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2020

Donald Trump’s Former Chief Of Staff: President Will Concede ‘Gracefully’ If Results Prove He Lost

Mick Mulvaney: Trump will “be, act and speak like a great president should.”

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Former White House chief of staff Mick Mulvaney has an interesting take on the burning question of the day: Will U.S. president Donald Trump concede the 2020 presidential election and participate in a peaceful transfer of power to former vice president Joe Biden, who appears to have been elected the next president of the United States?

According to Mulvaney, “the question probably says as much about those asking it as the answer does about President Trump.”

“Most of the inquirers are the same people who still don’t understand why nearly half the country voted for Mr. Trump,” Mulvaney wrote in an opinion editorial piece published in this weekend’s editions of The Wall Street Journal. “They still wonder if he somehow cheated his way into office. They still think he should’ve been impeached, believe the polls, and consider the Washington Post, New York Times and CNN reliable sources.”

Be that as it may, Mulvaney has a one-word answer for the doubters.

“Yes.”

If Trump has in fact lost the presidential election, Mulvaney believes he will “be, act and speak like a great president should” and concede the race “gracefully.”

According to the 53-year-old, Charlotte, N.C. native – who spent six years as a U.S. congressman, two years as White House budget director and fourteen months as Trump’s chief of staff – the president’s handling of the 2018-2019 government shutdown demonstrated his ability to distinguish political brinksmanship from statesmanship.

“The president knew the time for showmanship and the time for serious discussion,” Mulvaney wrote, recalling a White House strategy meeting in which Trump rebuked his staff for suggesting he politicize the stalemate by going on the offensive against Democratic speaker Nancy Pelosi.

“And no occasion is more fit for seriousness than a national transition of power at the highest levels,” Mulvaney wrote.

Having said that, Mulvaney acknowledged Trump would “fight like a gladiator until the election is conclusively determined.”

“Voters need this election to be fully litigated,” Mulvaney wrote. “Whoever occupies the presidency cannot have rumors floating around for the next four years about dead people voting or ballot dumps in the middle of the night. The U.S. needs to know that the winner is actually the winner.”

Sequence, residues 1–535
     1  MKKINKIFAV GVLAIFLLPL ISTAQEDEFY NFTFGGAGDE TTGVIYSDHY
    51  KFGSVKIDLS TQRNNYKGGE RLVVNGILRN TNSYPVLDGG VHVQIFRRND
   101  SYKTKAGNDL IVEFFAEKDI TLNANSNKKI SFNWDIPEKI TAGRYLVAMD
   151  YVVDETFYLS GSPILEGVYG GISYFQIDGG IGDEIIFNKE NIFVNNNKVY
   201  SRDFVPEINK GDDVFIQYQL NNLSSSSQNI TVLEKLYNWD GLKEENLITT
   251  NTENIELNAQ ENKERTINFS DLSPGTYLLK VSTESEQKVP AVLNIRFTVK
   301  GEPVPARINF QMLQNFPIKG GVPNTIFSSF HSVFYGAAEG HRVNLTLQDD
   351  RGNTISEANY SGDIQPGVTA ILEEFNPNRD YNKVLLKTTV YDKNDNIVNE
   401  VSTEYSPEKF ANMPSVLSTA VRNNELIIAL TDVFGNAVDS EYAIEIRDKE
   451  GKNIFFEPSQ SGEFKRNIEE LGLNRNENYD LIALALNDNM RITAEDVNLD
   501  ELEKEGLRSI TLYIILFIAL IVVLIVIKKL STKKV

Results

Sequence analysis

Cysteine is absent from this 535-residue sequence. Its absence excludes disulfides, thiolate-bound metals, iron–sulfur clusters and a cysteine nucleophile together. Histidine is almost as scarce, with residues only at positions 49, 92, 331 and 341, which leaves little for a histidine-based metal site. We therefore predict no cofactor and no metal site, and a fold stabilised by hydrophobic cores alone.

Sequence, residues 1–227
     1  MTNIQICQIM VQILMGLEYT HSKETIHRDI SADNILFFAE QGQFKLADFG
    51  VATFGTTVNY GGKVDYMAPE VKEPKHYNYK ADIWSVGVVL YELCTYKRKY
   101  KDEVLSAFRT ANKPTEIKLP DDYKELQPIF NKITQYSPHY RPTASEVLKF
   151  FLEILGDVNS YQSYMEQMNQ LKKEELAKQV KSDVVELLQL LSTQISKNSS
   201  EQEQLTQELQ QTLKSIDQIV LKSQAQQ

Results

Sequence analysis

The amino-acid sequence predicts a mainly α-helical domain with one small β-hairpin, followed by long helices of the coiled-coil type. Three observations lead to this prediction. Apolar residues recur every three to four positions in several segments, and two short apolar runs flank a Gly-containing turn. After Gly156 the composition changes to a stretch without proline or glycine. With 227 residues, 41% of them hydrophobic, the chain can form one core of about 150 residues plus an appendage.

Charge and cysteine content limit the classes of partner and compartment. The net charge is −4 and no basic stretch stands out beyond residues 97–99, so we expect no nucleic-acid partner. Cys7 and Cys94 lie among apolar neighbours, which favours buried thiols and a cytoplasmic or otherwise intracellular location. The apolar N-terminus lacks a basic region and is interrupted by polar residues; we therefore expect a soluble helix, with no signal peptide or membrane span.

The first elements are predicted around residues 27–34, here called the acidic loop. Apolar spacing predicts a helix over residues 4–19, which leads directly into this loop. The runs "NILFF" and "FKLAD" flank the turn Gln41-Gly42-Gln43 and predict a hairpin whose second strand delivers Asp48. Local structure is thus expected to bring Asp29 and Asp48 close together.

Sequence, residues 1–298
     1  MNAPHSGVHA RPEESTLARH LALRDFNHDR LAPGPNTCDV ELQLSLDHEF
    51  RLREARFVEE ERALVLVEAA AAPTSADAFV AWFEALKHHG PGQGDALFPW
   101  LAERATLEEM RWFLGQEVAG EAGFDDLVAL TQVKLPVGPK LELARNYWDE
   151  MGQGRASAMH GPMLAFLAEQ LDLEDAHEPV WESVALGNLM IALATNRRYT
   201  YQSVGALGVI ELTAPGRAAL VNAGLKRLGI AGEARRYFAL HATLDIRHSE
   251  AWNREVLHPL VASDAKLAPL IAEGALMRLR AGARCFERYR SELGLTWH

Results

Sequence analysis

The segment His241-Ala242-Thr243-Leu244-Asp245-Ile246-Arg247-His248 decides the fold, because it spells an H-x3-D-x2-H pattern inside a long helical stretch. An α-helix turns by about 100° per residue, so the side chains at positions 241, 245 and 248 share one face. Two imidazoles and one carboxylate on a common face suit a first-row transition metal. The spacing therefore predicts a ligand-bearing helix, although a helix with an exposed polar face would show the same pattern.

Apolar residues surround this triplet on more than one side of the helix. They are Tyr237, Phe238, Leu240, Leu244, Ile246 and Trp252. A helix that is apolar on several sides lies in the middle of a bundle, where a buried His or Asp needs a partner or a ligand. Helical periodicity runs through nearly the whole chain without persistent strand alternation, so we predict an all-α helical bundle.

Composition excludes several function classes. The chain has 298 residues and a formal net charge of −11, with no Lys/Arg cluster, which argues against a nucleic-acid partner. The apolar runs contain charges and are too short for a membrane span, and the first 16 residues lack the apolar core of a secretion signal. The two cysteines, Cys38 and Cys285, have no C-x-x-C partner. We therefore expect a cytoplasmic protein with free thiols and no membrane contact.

We agree …

There is a lot of smoke wafting up from the wafer-thin margins of victory that Biden appears to have eked out in multiple swing states – all of which were outcomes much closer than the pollsters projected. In fact, in the three states (Georgia, Pennsylvania and Wisconsin) currently providing Biden his margin of victory – and denying Trump a second term – the race is within a percentage point.

Did irregularities occur in these states? And if so, did they occur in sufficiently large numbers so as to impact the outcome?

Trump certainly believes so … and as of this writing has no intention of going “gently into that good night.”

“This election is far from over,” Trump said in a statement on Saturday morning. “Joe Biden has not been certified as the winner of any states, let alone any of the highly contested states headed for mandatory recounts, or states where our campaign has valid and legitimate legal challenges that could determine the ultimate victor. In Pennsylvania, for example, our legal observers were not permitted meaningful access to watch the counting process.  Legal votes decide who is president, not the news media.”

That’s true … and as we noted in our coverage of Biden’s apparent victory, whether Trump’s claims of voter fraud are legitimate or not, “fairness dictates they be heard.”

In fact, that is the only way we ascertain their legitimacy.

The bottom line is this: If ballots were cast illegally, they cannot be allowed to count. Similarly, every vote legally cast – for any candidate in any election – must be zealously safeguarded.

As Mulvaney noted in tweeting out his column, though, the process of distinguishing one from the other “is still a long way from being determined.”

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